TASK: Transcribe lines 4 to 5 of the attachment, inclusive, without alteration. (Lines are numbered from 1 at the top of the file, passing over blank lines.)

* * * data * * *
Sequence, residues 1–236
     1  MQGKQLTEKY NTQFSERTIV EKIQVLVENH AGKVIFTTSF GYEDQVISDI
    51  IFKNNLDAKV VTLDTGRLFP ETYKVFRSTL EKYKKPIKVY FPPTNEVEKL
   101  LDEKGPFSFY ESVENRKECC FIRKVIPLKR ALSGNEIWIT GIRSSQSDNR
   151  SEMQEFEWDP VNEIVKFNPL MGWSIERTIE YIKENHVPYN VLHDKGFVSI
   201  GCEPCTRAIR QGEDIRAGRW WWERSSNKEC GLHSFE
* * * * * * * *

   101  LDEKGPFSFY ESVENRKECC FIRKVIPLKR ALSGNEIWIT GIRSSQSDNR
   151  SEMQEFEWDP VNEIVKFNPL MGWSIERTIE YIKENHVPYN VLHDKGFVSI